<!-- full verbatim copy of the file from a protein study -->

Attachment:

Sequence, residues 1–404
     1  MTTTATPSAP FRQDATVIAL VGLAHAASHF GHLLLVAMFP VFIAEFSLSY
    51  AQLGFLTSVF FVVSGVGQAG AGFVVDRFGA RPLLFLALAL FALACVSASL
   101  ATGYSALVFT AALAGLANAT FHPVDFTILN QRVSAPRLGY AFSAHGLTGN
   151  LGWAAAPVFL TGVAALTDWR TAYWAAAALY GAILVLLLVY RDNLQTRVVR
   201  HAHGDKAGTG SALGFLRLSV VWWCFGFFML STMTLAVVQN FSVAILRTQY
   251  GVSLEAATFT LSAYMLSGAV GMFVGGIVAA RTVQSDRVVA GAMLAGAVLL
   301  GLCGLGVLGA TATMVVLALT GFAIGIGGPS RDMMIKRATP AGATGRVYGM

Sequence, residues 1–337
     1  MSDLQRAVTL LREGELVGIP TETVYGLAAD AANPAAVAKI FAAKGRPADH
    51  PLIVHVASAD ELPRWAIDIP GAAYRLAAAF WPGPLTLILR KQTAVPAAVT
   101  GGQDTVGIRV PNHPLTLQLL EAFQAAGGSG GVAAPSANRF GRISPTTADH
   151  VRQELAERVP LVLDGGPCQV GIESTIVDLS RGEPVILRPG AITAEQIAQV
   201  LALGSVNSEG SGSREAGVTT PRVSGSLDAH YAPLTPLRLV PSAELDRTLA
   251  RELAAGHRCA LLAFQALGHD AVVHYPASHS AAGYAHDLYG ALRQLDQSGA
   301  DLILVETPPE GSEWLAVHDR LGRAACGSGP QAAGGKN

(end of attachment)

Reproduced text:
Sequence, residues 1–404
     1  MTTTATPSAP FRQDATVIAL VGLAHAASHF GHLLLVAMFP VFIAEFSLSY
    51  AQLGFLTSVF FVVSGVGQAG AGFVVDRFGA RPLLFLALAL FALACVSASL
   101  ATGYSALVFT AALAGLANAT FHPVDFTILN QRVSAPRLGY AFSAHGLTGN
   151  LGWAAAPVFL TGVAALTDWR TAYWAAAALY GAILVLLLVY RDNLQTRVVR
   201  HAHGDKAGTG SALGFLRLSV VWWCFGFFML STMTLAVVQN FSVAILRTQY
   251  GVSLEAATFT LSAYMLSGAV GMFVGGIVAA RTVQSDRVVA GAMLAGAVLL
   301  GLCGLGVLGA TATMVVLALT GFAIGIGGPS RDMMIKRATP AGATGRVYGM

Sequence, residues 1–337
     1  MSDLQRAVTL LREGELVGIP TETVYGLAAD AANPAAVAKI FAAKGRPADH
    51  PLIVHVASAD ELPRWAIDIP GAAYRLAAAF WPGPLTLILR KQTAVPAAVT
   101  GGQDTVGIRV PNHPLTLQLL EAFQAAGGSG GVAAPSANRF GRISPTTADH
   151  VRQELAERVP LVLDGGPCQV GIESTIVDLS RGEPVILRPG AITAEQIAQV
   201  LALGSVNSEG SGSREAGVTT PRVSGSLDAH YAPLTPLRLV PSAELDRTLA
   251  RELAAGHRCA LLAFQALGHD AVVHYPASHS AAGYAHDLYG ALRQLDQSGA
   301  DLILVETPPE GSEWLAVHDR LGRAACGSGP QAAGGKN